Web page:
This article by Sarah Glynn was first published in Bella Caledonia on 2 June.
Sections were quoted by ANF News
Earlier this year, the world learnt briefly about a place called Afrîn. There was even a discussion in the House of Commons, though with no motion and no vote. And the BBC was forced to interrupt its coverage of the fight between Assad’s government forces and militant Islamists in Eastern Ghouta to take note of what they termed ‘Syria’s other battle’. But once Afrîn city had been captured by the Turkish army and the jihadi militias with which it is aligned, Afrîn became old news, and quickly forgotten. Even Kurdish political activists, with their long experience of being betrayed by foreign powers, have been taken aback by the lack of response in international forums to this unprovoked invasion and occupation of a formerly peaceful region, to the accompanying ethnic cleansing, and to the replacement of secular democratic structures with a regime of terror and with constraints on women that echo those under Daesh.
I have just returned from a week in the, autonomous, predominantly Kurdish, Democratic Federation of Northern Syria, where I was part of a delegation invited by Kongreya Star, the umbrella group for the region’s women’s organisations. And everywhere we went we were reminded of the importance of Afrîn, and that the fight for Afrîn and for all that it stood for is far from over.
When the Kurds of Northern Syria took advantage of the vacuum created by the Syrian civil war to set up autonomous administrations in the area they call the West (as in Western Kurdistan), or Rojava, the district of Afrîn formed one of three autonomous cantons. Across Rojava new structures were set up to create an inclusive bottom-up democracy in accordance with the ideas of Abdullah Öcalan, but we were told that in Afrîn the development of the new system was most advanced. The new forms of organisation were most widespread and embedded, women were most active in all spheres of life, and different ethnic groups were most fully integrated. The area had remained peaceful throughout the civil war and had provided a safe home to tens of thousands of displaced persons of various ethnic backgrounds from other parts of Syria.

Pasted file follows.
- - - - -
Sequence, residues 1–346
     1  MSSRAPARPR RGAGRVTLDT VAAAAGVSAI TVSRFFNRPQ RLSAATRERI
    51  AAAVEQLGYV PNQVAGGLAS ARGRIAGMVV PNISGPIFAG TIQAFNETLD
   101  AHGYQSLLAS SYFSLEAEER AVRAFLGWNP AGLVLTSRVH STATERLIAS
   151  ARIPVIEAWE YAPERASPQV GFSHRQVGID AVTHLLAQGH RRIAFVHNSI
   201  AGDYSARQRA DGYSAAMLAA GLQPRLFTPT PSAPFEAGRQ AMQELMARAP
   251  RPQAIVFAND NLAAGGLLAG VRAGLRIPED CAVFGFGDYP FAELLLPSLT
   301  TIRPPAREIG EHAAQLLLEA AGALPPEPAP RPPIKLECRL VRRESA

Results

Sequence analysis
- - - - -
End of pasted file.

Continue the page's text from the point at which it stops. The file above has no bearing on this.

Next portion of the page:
But on the 20th January, after getting the green light from Russia who controlled the air space, Turkey began an all-out attack. Without air-power of their own, the defenders of Afrîn could not hold back the second biggest army in NATO. The war that Turkey’s President Erdoğan boasted would take just days, lasted for nearly two months, but by 18th March the flag of the Turkish invaders flew over the centre of Afrîn city. Attacks on civilian areas had been relentless, but much greater casualties were avoided by the mass evacuation of the civilian population just before the city fell. Now, thousands of Kurds and their former neighbours are struggling to survive as ‘internally displaced persons’, while Turkey moves Arab families – including families of the violent jihadi groups bussed out of Eastern Ghouta – into their former homes. But, as our hosts from Kongreya Star made clear to us, resistance in Afrîn is not over, it has taken on a new guerrilla formation.
One of our first meetings was with the Syrian Democratic Council, the political wing of the Syrian Democratic Forces. Just as the SDF brings together the Kurdish defence forces – the YPG and female YPJ – with allied forces, so the Council combines representatives from different parties and ethnicities. The Council’s co-president (every organisation has dual heads, male and female) is from Afrîn and has family among those displaced. She talked about the conditions being suffered by people left in Afrîn, where occupying Turkish and Jihadi soldiers rape and kidnap for ransom, and regard women as existing for the service of men. In contrast to Turkey’s pre-planned displacement of population by ethnicity, she stressed how the Kurds were bringing all ethnicities together in a system that they have put forward as a future solution for the whole of Syria. She had no illusions in any of the imperialist powers intervening in Syria – nor in Assad’s Baath party, with its history of Kurdish exclusion and suppression, and of Arab ethnic nationalism – and observed that foreign governments that should have been speaking up for the Kurds all shared interests with Turkey. The Kurds are aware that they are only valued for their crucial role in the fight against Daesh, and she observed, wryly, that those countries that were the quietest when the Kurds were under attack, are themselves the most subject to Islamist terrorism. The world’s silence on Afrîn and on Turkey’s previous intervention into Syria has given her strong grounds to believe that Turkey will act on its current election rhetoric and launch further attacks.